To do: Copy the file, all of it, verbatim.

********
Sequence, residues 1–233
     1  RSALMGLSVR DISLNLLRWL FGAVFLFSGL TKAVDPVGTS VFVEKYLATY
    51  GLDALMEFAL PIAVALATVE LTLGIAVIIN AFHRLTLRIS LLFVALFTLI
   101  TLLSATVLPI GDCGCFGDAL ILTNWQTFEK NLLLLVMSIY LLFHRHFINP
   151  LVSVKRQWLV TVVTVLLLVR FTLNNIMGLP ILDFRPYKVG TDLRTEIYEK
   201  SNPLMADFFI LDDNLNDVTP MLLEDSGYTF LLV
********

Sequence, residues 1–233
     1  RSALMGLSVR DISLNLLRWL FGAVFLFSGL TKAVDPVGTS VFVEKYLATY
    51  GLDALMEFAL PIAVALATVE LTLGIAVIIN AFHRLTLRIS LLFVALFTLI
   101  TLLSATVLPI GDCGCFGDAL ILTNWQTFEK NLLLLVMSIY LLFHRHFINP
   151  LVSVKRQWLV TVVTVLLLVR FTLNNIMGLP ILDFRPYKVG TDLRTEIYEK
   201  SNPLMADFFI LDDNLNDVTP MLLEDSGYTF LLV